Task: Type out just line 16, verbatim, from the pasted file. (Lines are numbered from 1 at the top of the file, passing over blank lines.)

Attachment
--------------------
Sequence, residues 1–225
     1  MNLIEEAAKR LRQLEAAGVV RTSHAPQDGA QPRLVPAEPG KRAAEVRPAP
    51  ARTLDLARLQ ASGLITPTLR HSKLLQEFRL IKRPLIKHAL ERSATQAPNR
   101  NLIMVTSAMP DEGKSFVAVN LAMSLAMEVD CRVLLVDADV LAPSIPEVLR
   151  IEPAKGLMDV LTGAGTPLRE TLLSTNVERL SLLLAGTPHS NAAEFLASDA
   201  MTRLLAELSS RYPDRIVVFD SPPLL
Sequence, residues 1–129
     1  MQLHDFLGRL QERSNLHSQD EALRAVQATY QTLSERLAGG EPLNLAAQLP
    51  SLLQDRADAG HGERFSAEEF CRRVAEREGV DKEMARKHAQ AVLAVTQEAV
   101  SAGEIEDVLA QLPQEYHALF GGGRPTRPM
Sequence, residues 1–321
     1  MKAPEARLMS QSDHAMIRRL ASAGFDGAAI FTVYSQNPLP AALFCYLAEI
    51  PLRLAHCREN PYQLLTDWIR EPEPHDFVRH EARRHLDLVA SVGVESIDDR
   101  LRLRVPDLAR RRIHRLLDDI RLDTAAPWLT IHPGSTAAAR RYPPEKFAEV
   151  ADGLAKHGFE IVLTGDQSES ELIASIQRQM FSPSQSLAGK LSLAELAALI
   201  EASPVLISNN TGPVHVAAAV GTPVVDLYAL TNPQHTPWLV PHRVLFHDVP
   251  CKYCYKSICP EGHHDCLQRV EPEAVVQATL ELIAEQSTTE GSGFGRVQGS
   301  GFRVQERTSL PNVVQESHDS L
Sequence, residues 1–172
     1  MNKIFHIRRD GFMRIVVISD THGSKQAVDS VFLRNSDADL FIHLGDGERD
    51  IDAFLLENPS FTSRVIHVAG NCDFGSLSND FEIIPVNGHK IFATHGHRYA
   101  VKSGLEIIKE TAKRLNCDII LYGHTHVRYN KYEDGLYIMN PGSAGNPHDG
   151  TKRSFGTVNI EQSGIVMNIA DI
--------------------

   201  EASPVLISNN TGPVHVAAAV GTPVVDLYAL TNPQHTPWLV PHRVLFHDVP